One of the Israeli women mentioned Rosa Parks, "...I admire her, because she had the courage to break a law that was not right." Yes, but that was not enough. What was needed was a vision, a big vision of hope. Dr. King was a man possessed of such a vision, a vision of civil rights and equal treatment under the law. Ordinarily, Rosa Parks' refusal to give up her seat on the bus, would have been a non-event. But Dr. King was no ordinary man. He was a man possessed of a vision, a big vision of hope. He saw in Rosa Parks an opportunity to give substance to his vision, and soon enough, the reality on the ground grew to fill up the space created by the vision. Such is the dynamic of change in the world, and such is the prescription for change in the Middle East.

 

So let us enjoy our Day at the Beach. Let us continue to push the envelope, just a tad, and without violence, to get our voices heard. But let us, as well, find the courage and the wisdom to give purpose to our passions. Let us embrace a Vision of Hope, a vision of Peace, Prosperity and Freedom, and let us give substance to that vision by changing peoples' lives for the better, with new realities that speak louder than words, and which help to break the walls of ideological divides.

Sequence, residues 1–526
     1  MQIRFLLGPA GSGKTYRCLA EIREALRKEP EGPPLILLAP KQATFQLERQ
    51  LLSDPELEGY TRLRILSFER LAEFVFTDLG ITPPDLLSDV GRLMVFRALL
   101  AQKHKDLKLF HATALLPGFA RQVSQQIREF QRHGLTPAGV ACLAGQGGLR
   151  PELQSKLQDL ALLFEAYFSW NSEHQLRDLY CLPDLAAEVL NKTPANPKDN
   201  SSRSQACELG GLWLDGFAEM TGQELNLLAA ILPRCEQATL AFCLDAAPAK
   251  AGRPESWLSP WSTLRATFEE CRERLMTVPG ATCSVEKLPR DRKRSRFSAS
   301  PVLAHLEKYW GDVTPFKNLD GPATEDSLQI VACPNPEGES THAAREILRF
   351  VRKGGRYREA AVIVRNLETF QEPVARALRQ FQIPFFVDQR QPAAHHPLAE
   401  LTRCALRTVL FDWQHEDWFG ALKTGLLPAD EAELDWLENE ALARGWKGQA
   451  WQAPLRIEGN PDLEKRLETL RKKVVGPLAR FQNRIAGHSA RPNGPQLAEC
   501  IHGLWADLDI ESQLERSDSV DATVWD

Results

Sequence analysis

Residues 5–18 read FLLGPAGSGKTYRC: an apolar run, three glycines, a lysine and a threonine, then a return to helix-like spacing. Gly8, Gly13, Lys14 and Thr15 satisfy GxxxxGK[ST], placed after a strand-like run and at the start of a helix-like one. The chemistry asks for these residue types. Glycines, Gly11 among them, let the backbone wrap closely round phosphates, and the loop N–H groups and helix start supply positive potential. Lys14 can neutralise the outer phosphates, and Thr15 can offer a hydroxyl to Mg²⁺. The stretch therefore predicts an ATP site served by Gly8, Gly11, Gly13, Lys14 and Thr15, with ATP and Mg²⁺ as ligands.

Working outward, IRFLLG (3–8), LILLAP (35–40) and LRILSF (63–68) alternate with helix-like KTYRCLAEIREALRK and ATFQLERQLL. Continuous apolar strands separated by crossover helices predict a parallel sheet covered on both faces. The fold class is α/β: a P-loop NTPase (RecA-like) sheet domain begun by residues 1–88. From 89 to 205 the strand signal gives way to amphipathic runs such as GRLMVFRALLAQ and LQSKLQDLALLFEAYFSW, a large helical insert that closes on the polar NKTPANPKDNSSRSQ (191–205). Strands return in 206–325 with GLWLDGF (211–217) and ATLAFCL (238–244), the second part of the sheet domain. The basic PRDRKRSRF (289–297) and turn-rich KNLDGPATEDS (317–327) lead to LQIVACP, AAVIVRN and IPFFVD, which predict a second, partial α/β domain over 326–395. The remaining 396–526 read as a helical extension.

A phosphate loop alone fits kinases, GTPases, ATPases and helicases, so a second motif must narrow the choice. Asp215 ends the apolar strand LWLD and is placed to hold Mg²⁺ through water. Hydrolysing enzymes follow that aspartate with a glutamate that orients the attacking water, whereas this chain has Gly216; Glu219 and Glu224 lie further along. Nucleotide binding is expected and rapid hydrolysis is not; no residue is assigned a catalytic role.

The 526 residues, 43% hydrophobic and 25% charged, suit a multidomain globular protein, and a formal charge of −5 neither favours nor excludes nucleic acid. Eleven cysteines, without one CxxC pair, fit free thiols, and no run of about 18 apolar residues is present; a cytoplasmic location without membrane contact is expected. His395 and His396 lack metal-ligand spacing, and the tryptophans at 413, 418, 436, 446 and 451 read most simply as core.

Comments (4)Add Comment
YES
written by GABE1, July 28, 2011
All is honky dorey. We live in a Utopia that is only marred by the existence of Israel. If only those damned Jews would give those peaceful Arabs good paying jobs, Judea and Samaria, Gaza and pre 1967 Israel than the world would not have chaos and turmoil.

I give up, you are right.Lets give them all hope and lets not forget money and Israel.

I have come to the conclusion that debating with the likes of you is a colossal waste of time.
YES2
written by GABE1, July 29, 2011
You are also right that we must give up the "occubation" of our homeland and make way for a 23rd Terror riddled Arab state. After all the 99.8% of the land mass of the Middle East is not enough for them.